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Should We Be Delighted With Synlait Milk Limited's (NZSE:SML) ROE Of 17%?

Simply Wall St

While some investors are already well versed in financial metrics (hat tip), this article is for those who would like to learn about Return On Equity (ROE) and why it is important. We'll use ROE to examine Synlait Milk Limited (NZSE:SML), by way of a worked example.

Over the last twelve months Synlait Milk has recorded a ROE of 17%. That means that for every NZ$1 worth of shareholders' equity, it generated NZ$0.17 in profit.

View our latest analysis for Synlait Milk

How Do You Calculate ROE?

The formula for return on equity is:

Return on Equity = Net Profit (from continuing operations) ÷ Shareholders' Equity

Or for Synlait Milk:

17% = NZ$82m ÷ NZ$492m (Based on the trailing twelve months to July 2019.)

Most know that net profit is the total earnings after all expenses, but the concept of shareholders' equity is a little more complicated. It is the capital paid in by shareholders, plus any retained earnings. Shareholders' equity can be calculated by subtracting the total liabilities of the company from the total assets of the company.

What Does ROE Signify?

ROE looks at the amount a company earns relative to the money it has kept within the business. The 'return' is the amount earned after tax over the last twelve months. A higher profit will lead to a higher ROE. So, all else being equal, a high ROE is better than a low one. That means it can be interesting to compare the ROE of different companies.

Does Synlait Milk Have A Good ROE?

By comparing a company's ROE with its industry average, we can get a quick measure of how good it is. However, this method is only useful as a rough check, because companies do differ quite a bit within the same industry classification. As is clear from the image below, Synlait Milk has a better ROE than the average (6.9%) in the Food industry.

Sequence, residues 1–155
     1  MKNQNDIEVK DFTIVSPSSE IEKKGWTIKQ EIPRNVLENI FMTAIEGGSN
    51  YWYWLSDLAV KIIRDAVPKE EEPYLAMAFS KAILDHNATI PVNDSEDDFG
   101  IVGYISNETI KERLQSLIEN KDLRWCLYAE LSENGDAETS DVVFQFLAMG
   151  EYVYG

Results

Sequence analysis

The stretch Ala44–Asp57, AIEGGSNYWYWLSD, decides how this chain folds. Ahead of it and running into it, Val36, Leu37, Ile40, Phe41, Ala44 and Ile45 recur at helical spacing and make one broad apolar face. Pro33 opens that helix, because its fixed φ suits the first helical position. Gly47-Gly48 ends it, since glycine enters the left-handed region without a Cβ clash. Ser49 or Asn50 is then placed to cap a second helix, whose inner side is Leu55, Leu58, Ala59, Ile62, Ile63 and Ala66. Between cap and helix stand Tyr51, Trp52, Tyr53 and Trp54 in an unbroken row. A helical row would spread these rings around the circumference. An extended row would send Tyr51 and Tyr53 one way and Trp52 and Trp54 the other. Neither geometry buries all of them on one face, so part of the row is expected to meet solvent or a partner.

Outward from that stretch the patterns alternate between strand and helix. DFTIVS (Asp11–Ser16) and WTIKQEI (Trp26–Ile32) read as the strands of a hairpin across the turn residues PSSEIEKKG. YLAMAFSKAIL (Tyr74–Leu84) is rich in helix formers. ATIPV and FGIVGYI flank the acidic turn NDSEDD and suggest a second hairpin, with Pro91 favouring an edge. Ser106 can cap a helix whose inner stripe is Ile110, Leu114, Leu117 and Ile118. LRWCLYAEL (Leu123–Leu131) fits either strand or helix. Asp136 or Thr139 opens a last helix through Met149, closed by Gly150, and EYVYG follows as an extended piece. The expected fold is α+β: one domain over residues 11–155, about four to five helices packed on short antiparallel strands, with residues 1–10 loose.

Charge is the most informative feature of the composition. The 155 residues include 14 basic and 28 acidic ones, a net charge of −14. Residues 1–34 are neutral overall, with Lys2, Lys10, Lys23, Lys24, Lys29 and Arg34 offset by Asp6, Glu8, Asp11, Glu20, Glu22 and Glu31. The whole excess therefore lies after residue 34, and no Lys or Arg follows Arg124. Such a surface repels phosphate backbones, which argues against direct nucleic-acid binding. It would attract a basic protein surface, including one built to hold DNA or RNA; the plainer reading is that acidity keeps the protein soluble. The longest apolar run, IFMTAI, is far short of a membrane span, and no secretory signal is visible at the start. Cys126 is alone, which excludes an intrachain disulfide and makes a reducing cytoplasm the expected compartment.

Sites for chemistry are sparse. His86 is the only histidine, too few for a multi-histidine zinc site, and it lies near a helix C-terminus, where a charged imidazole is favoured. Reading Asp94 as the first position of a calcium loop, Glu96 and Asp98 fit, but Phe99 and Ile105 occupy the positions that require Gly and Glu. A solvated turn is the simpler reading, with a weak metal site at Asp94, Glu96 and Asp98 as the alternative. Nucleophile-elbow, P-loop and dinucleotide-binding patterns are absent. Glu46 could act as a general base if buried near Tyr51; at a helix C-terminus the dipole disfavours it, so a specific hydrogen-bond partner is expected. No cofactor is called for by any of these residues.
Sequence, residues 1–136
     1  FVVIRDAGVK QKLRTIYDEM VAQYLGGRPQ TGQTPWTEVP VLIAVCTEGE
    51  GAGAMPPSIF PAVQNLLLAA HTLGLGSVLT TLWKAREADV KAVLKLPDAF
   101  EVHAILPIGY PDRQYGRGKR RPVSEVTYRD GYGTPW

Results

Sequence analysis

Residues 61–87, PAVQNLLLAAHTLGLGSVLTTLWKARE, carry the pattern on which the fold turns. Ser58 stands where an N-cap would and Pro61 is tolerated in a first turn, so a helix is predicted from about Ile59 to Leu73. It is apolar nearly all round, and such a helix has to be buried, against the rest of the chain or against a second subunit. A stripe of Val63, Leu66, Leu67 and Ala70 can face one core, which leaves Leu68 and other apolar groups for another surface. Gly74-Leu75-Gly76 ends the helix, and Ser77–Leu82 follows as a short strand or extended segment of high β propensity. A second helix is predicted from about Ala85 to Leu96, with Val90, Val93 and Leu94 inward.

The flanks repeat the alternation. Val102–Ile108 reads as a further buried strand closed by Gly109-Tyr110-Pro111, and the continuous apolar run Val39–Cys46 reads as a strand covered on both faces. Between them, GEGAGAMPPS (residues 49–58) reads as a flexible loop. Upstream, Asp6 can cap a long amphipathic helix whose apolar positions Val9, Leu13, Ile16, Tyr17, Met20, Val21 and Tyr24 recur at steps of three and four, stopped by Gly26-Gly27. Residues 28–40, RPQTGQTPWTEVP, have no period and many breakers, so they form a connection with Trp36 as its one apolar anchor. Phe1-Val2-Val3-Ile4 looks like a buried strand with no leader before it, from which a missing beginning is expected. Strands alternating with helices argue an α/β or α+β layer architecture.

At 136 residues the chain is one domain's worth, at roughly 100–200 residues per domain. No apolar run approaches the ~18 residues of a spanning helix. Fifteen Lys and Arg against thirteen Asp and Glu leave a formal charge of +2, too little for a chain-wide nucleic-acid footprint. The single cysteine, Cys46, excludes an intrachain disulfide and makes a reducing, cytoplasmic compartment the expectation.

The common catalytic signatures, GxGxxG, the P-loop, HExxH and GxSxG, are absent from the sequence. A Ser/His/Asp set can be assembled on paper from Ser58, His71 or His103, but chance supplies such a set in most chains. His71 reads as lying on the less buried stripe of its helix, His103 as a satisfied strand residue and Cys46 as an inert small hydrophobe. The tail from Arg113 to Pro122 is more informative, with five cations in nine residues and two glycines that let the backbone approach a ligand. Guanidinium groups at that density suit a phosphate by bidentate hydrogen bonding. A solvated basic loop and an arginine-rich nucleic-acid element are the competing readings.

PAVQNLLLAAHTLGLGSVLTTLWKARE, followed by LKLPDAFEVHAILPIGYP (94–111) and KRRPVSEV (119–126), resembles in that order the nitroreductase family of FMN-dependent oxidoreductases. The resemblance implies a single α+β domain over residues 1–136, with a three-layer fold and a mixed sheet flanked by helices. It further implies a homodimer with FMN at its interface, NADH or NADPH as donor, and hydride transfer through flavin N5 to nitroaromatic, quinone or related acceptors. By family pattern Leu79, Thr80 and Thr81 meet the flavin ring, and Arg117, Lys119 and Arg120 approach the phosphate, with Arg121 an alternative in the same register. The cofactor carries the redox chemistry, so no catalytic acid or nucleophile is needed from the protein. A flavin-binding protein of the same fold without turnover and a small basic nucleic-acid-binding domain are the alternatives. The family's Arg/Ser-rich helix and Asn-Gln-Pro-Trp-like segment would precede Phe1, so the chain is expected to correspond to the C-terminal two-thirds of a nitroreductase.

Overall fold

NZSE:SML Past Revenue and Net Income, February 17th 2020

That's clearly a positive. I usually take a closer look when a company has a better ROE than industry peers. One data point to check is if insiders have bought shares recently.

The Importance Of Debt To Return On Equity

Virtually all companies need money to invest in the business, to grow profits. That cash can come from issuing shares, retained earnings, or debt. In the case of the first and second options, the ROE will reflect this use of cash, for growth. In the latter case, the debt required for growth will boost returns, but will not impact the shareholders' equity. That will make the ROE look better than if no debt was used.

Combining Synlait Milk's Debt And Its 17% Return On Equity

Although Synlait Milk does use debt, its debt to equity ratio of 0.71 is still low. The combination of modest debt and a very respectable ROE suggests this is a business worth watching. Careful use of debt to boost returns is often very good for shareholders. However, it could reduce the company's ability to take advantage of future opportunities.

But It's Just One Metric

Return on equity is one way we can compare the business quality of different companies. Companies that can achieve high returns on equity without too much debt are generally of good quality. All else being equal, a higher ROE is better.

But ROE is just one piece of a bigger puzzle, since high quality businesses often trade on high multiples of earnings. It is important to consider other factors, such as future profit growth -- and how much investment is required going forward. So you might want to check this FREE visualization of analyst forecasts for the company.

Of course, you might find a fantastic investment by looking elsewhere. So take a peek at this free list of interesting companies.

If you spot an error that warrants correction, please contact the editor at editorial-team@simplywallst.com. This article by Simply Wall St is general in nature. It does not constitute a recommendation to buy or sell any stock, and does not take account of your objectives, or your financial situation. Simply Wall St has no position in the stocks mentioned.

We aim to bring you long-term focused research analysis driven by fundamental data. Note that our analysis may not factor in the latest price-sensitive company announcements or qualitative material. Thank you for reading.